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What Do MFin Graduates Do?
Many career paths exist for MIT Sloan MFin graduates. Employers seeking the skill sets of our graduates include:
|Investment and corporate banks||Ratings firms|
|Brokerage firms||Consulting firms|
|Financial data providers||Insurance companies|
|Asset managers||Treasury and finance departments of major corporations|
What Will I Learn?
The MIT Sloan MFin program teaches you to use advanced mathematical models and quantitative methods to create innovative solutions to complex finance problems. Required core courses immerse you in these methods and deepen your understanding of the theoretical fundamentals. In addition to these core courses, you will choose from a variety of electives to tailor your MFin experience.
As an MIT Sloan MFin graduate, you will leave MIT with a practical understanding of modern business, a comprehensive range of quantitative finance skills, and the applicable expertise to know which approach best suits each unique circumstance.
Why You Should Apply?
Recent graduates, early career professionals in finance, engineers, mathematicians, physicists, computer programmers, or other high-tech professionals are encouraged to apply to the MIT Sloan MFin program.
Flexibility is a cornerstone of the MIT Sloan MFin degree. As an MFin student, you will be encouraged to tailor your coursework with elective study options to address your particular area of interest. It is even possible to take electives in the MIT School of Science or School of Engineering. Some students, for instance, have chosen to further develop their skills in mathematics or computer science as part of their MFin studies.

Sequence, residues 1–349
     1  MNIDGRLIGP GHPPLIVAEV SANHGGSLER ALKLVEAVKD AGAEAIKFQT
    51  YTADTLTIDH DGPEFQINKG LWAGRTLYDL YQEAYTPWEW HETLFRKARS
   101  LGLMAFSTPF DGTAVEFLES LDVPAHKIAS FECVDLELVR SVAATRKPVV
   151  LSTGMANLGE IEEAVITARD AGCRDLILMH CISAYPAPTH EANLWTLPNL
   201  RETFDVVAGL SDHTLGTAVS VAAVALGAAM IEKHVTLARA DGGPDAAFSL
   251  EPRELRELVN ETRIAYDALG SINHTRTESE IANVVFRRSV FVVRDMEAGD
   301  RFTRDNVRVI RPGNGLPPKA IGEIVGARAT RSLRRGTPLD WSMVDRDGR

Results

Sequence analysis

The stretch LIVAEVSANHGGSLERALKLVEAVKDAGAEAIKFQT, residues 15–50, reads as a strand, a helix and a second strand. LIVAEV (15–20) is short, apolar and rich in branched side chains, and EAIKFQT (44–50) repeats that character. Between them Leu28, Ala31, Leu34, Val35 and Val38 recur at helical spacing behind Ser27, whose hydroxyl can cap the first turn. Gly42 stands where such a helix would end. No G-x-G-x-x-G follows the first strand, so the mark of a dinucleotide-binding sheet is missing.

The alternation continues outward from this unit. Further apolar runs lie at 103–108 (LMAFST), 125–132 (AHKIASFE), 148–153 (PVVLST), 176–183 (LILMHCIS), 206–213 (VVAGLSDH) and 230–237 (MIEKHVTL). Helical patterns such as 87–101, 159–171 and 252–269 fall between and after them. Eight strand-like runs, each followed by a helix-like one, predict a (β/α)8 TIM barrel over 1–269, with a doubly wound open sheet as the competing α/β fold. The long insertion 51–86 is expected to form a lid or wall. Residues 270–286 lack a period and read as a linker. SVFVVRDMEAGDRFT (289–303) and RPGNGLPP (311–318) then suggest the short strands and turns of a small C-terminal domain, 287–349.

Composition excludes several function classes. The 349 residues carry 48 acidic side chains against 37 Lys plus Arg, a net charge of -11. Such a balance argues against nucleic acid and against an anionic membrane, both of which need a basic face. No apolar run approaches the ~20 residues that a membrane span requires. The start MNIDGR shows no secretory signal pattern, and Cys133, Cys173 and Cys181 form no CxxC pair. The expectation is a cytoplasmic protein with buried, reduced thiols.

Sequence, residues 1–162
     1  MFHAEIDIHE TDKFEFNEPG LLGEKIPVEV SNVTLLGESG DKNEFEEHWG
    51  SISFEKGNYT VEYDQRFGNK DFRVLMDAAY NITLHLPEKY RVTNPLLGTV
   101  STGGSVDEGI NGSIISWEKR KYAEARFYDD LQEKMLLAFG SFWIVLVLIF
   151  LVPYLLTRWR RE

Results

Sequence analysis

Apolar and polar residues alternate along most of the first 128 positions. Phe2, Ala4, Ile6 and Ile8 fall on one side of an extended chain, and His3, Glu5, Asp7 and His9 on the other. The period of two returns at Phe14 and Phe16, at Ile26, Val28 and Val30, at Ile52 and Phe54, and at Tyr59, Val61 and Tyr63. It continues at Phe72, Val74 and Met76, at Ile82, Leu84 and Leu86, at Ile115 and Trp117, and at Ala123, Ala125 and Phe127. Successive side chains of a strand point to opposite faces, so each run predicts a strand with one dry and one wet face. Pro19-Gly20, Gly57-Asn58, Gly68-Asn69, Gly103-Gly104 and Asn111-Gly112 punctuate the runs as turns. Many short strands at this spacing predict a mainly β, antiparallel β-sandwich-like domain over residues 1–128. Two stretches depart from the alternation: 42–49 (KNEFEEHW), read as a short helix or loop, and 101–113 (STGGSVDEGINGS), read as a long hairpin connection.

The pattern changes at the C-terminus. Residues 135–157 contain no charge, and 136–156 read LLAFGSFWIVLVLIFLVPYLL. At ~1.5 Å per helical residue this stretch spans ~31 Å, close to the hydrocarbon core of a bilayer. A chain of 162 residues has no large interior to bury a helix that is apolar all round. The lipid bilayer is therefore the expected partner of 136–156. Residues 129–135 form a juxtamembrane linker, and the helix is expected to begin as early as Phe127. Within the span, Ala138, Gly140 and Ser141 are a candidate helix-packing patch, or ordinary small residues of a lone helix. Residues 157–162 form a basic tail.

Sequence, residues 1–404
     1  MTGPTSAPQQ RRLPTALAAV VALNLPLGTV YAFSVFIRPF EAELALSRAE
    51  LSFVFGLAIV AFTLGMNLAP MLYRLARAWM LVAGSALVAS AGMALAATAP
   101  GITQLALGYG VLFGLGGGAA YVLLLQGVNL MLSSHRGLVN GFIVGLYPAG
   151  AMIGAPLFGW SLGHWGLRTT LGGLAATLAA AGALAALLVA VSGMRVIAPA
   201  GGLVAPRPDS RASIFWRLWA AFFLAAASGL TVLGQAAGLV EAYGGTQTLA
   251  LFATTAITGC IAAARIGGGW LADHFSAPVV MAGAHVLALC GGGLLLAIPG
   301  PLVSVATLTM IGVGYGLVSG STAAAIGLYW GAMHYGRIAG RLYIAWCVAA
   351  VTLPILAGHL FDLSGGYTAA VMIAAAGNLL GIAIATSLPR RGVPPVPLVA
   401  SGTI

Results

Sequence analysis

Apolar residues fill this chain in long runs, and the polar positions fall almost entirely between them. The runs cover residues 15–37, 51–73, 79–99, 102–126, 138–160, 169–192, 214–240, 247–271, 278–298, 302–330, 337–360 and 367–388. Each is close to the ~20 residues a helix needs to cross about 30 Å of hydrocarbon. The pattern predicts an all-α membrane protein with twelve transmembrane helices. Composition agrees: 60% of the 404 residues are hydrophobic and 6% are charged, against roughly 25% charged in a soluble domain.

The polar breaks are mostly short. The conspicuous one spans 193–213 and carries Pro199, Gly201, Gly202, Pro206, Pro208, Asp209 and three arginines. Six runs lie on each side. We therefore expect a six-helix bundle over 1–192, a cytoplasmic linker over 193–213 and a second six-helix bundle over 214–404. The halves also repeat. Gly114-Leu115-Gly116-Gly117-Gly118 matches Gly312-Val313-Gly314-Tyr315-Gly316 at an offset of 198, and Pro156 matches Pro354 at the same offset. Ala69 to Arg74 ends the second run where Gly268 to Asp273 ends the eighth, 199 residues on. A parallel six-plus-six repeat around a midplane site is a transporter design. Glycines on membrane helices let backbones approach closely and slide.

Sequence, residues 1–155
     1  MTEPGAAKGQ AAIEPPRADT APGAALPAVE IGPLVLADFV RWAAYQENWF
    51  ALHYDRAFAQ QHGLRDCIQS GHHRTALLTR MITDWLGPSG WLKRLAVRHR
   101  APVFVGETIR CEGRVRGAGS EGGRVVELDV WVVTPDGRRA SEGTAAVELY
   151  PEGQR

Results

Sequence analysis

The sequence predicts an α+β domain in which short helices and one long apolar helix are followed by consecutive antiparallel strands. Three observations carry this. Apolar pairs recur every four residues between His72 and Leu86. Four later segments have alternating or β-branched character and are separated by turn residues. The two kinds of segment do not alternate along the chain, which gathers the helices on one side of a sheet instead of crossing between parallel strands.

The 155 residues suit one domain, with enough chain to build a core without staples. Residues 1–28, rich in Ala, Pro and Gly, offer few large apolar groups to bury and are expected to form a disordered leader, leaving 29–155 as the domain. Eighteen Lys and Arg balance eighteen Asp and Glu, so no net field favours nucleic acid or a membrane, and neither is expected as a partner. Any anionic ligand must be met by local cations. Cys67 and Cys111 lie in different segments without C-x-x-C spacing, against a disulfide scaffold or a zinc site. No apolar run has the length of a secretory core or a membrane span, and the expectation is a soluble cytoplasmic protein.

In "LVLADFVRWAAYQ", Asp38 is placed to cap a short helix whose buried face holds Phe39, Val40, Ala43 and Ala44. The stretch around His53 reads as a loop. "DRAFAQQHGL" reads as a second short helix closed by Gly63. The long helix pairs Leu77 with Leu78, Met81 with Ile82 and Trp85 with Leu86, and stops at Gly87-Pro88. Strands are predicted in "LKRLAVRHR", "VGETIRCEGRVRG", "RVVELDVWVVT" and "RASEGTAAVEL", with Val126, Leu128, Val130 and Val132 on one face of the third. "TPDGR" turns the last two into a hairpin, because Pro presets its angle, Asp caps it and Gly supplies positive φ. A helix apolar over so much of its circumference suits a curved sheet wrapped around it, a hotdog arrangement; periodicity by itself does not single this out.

How Does the MIT MFin Program Differ?
The MFin at MIT Sloan is a business degree taught in a business school, with all the benefits that come from that environment. Some MFin classes are taken with other graduate students including MBAs, PhDs, and MIT Sloan Fellows. As an MFin student you will be welcome to join MIT’s Finance Club, Investment Management Club, and Venture Capital & Private Equity Club, as well as many other social and professional clubs available to all graduate students.
Group learning and interaction with peers are highly valued and fostered at MIT. In courses based on case studies and problem sets, you’ll connect with MIT students from around the world in small working groups. You will learn from and challenge one other, sharing different perspectives and backgrounds while building lasting relationships.